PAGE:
2. I got rid of the wine in my house and replaced it with non-alcoholic drinks I like: iced tea with lemonade, flavored sparkling water, those lovely San Pellegrino juices. 

3. I checked in to BOOM multiple times a day, writing lots of long posts and commenting on those of other people here. Being an active part of this community was central to my new alcohol-free life.

4. I learned about the toxic effects of alcohol on my mind and body, mostly by reading articles here.

5. I worked on rewiring my reward center with regular sober treats, something else I learned about here. This was a revelation to me, and it gave me a wonderful excuse to eat the ice cream and cookies that I craved. Using the advice I got, I didn’t worry about the sugar or the possibility of gaining weight (which didn’t happen–in fact, I quickly lost about 8 pounds just because I wasn’t drinking wine). 

6. I counted my alcohol-free days and how much money I was saving. I don’t keep careful track of either of those numbers anymore, but sometimes I Google “How many days since July 30, 2019?” or do a simple multiplication problem; as of today I’ve lived free of alcohol for 1460 days and I’ve saved at least $20,000.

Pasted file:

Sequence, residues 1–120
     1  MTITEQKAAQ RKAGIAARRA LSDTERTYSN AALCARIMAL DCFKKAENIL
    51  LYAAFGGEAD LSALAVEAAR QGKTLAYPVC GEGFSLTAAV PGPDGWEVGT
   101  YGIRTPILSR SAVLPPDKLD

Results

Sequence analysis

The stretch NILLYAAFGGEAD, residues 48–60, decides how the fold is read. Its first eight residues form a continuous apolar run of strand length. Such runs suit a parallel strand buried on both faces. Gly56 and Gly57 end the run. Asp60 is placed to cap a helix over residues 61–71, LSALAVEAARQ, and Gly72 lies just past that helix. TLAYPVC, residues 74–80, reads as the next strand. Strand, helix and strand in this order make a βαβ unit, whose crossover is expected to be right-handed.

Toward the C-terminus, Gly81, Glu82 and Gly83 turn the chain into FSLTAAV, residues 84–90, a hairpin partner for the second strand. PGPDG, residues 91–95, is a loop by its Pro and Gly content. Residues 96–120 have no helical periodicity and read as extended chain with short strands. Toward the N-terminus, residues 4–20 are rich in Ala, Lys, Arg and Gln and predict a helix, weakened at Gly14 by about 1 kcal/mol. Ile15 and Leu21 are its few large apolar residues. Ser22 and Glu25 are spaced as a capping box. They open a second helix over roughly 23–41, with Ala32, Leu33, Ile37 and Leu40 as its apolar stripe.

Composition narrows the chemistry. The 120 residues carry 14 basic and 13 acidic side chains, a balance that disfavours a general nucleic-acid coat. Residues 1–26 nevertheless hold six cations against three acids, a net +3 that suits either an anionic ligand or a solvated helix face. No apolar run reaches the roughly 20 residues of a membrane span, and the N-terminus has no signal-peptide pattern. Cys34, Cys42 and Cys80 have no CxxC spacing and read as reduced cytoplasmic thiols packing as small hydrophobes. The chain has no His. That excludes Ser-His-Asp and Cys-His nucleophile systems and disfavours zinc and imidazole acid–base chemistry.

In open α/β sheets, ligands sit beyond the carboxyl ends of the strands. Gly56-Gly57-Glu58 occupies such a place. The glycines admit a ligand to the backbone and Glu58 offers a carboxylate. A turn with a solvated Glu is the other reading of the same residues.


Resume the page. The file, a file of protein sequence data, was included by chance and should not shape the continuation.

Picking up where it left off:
7. For several months I avoided (whenever I could) the people and events that might have triggered the urge to drink. This was easier for me than for many others because I’m retired and do a lot of my volunteer work remotely. Also, I’m a happy introvert whose social life centers mainly on my family, and for the first few months I didn’t have to attend any large, stressful gatherings or put up with questions about drinking.

8. I learned healthy new ways to deal with anxiety, sleep problems, and physical pain. I could probably write a book about everything I tried and figured out! I got a lot of help from the wise writers whose books are noted below. 

9. I meditated regularly and paid conscious attention to what I was grateful for. These are two practices I’d put in place at least a year before I stopped drinking alcohol, and they were already improving my moods, outlook, and sense of inner balance.